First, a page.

Sometime in November 2018, social media users drew swords following Odunsi's shared images of scenes from Santi's video shoot to his single, the bop heavy, 'Rapid Fire.'
The scenes which showed a number of acts associated with the 'Alte' scene gathered in a room barely lit by candle lights all dressed in black outfits generated controversy that swept from 'occultic gestures' to the outright bashing of what the aesthetics from the league of the Alte culture even represent.
Anyone who follows the Nigerian music scene will assert to the fact that this bunch of talents who have chosen to 'rebel' against the prevailing sound in their own way have been building quite a buzz and attracting major attention both locally and to an extent on the global stage in the last couple of years with two major characters, Odunsi and Santi spearheading the conversations.
So while their art, sound, dress code or general idea may not go down well with a lot of people and while again, as I stated in this earlier article that nothing should elevate them from the lens of scrutiny when there is a need for it, we should, however, be careful not to see them as soft targets to transfer our personal and misinformed aggression on.
Criticisms are essential especially in an industry like ours but when it is unnecessarily vindictive, petty, personal or intentionally cruel, then it only fuels the purpose of crystallizing public attention and discussion rather than pushing actual growth and improvement.
A few days back, Pretty Boy D-O, a dancehall act and affiliate of the Alte movement shared a snippet of the visuals from his upcoming single, 'Pull Up', a song that features Santi and was on his 2018 released debut EP, ''Everything Pretty.''
So for context, 'Pull Up' in typical D-O style is an energetic song that casts him as a robust and aggressively battle ready individual as he tells the story of surviving in the hood while laying out a surge of implicit threats to anyone trying to distract him from making bread which is his only focus.
''If you gonna shoot us, better make you kill us, cos all my man ready, all my man ready, and it can get messy, isht can get messy.''
Depending on your experiences and reality, these lines can be interpreted to mean several things, but it begs the bigger question, what is the best way to interpret a song with a message like this?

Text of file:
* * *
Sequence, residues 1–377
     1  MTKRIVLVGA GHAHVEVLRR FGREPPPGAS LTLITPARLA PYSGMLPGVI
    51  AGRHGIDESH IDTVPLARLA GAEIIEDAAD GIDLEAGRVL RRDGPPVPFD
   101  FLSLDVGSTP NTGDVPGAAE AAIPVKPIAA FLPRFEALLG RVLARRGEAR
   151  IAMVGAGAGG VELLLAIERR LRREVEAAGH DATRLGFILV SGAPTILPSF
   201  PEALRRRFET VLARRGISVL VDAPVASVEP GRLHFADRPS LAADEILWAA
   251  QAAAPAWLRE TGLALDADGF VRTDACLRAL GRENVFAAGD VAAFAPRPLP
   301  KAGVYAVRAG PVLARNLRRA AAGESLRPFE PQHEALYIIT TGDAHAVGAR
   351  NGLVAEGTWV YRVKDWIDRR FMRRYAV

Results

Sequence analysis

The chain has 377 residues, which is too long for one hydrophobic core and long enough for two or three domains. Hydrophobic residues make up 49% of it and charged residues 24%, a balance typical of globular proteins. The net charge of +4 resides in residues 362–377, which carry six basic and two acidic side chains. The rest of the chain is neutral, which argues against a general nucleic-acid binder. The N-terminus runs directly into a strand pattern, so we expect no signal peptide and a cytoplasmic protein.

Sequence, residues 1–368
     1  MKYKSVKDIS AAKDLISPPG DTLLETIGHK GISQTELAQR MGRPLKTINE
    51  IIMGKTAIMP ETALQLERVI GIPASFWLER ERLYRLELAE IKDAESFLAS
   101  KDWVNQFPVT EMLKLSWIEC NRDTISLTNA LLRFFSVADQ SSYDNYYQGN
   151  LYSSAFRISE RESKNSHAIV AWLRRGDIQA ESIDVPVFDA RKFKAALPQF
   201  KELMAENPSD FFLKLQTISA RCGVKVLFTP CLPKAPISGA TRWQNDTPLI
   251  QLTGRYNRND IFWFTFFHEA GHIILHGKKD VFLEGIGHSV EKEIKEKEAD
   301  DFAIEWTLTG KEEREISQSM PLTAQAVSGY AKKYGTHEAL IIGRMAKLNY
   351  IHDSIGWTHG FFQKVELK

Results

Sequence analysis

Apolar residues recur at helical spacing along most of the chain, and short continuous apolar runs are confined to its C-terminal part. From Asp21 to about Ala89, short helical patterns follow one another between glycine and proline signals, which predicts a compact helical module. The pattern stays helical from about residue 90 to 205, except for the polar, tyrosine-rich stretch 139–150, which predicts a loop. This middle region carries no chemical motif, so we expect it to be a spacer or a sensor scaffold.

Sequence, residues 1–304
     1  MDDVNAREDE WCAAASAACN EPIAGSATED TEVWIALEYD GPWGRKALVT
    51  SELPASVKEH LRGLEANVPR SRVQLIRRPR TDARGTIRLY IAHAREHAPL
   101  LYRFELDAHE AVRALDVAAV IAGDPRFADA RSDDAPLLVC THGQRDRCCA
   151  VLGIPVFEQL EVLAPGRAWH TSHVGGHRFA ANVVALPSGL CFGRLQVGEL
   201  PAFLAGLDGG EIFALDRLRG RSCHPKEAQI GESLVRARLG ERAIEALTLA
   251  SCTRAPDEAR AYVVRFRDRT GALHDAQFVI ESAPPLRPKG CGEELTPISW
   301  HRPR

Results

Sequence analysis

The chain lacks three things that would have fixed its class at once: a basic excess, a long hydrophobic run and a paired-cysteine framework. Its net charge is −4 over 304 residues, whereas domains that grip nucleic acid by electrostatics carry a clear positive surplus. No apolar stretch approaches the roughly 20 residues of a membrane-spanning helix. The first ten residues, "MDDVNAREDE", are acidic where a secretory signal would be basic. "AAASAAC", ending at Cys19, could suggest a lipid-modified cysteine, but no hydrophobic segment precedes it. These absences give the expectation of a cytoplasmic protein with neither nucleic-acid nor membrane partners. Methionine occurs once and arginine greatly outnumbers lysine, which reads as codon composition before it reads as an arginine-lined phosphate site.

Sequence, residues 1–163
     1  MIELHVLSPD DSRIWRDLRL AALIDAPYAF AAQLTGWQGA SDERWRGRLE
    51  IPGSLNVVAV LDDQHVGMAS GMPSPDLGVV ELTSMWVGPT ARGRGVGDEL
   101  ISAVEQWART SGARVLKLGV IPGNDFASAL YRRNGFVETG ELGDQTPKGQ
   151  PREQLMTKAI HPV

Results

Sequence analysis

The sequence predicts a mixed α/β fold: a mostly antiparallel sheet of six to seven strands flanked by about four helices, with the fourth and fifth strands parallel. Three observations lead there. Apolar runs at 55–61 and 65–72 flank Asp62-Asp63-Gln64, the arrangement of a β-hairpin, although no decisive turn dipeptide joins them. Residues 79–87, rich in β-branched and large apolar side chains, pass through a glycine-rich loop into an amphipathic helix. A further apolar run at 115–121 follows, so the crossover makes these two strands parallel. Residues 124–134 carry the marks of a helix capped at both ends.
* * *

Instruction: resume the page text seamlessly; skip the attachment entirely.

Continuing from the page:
Some of the characters being created in these visuals are no different than some of the characters that we see in reality.
Why is Santi and not D-O, the owner of the song the one under attack in this instance? [A similar MO to the Odunsi criticism on a Santi owned record]
How are we reading so much meaning into a few seconds clip with no audio which fails to give context to the basis of whatever argument we may have? How many have actually even listened to the song to understand the nuances of its theme so as to interpret the clips better?
For those just getting introduced to his music or getting emotionally caught in the senseless debate of him being better than Peruzzi or not, [Where in the world did that even come from?]
Santi isn’t merely another musician or a generous benefactor of the Alte hype, Santi is a damn good creative whose music and self directed visuals ultimately stands him out of any circle you try to fit him.
From his days as Ozzy B before metamorphosing into Santi, his music usually comes as passionate and provocative, inducing intoxicated conversations of the many clouded expressions in his art that peel off only after multiple listens and understanding his music as a whole and not in isolation.
Santi has been around for quite a while starting out as an actor at a tender age before taking to music professionally aged 16. He released his debut mixtape in 2011 and followed it up with the ''Birth of Santi'' EP in 2013, and the ''Suzie's Funeral EP'' in 2016.
Coupled with an amplified rawness of his fusion sound and love for old Nollywood concepts, Santi has been able to create a mystery around his character, one that is on one hand personal, hard to define and abstract leaving room for the varied and often careless interpretation.
However, the reality is that for art that is not easily understood, we look for scapegoats to explain our quandary and in the exact same form as Odunsi provided one barely four months ago, Santi is today's victim.
There is also the clear case of hypocrisy from those condemning the visuals or what they think it represents.
How many of the more established stars are we holding to this same standard despite the constant display of fraternity alignment in a number of videos that we sing the loudest and celebrate today?
Or is this anger or degeneration only reserved for members of the 'Alte' community, who we feel are lesser powerful acts who do not exactly carry the same 'reprisal' threat as the others?
At the end though, everyone will be fine but these criticisms are based off actual convictions, then we need to keep this energy not just for a select few but for everyone, even if they are our favorites.
As for Santi, he is definitely on the right path with his career and as they say in this business, no publicity is bad publicity, so drop that fire album and enjoy the attention, even if this one comes unwarranted.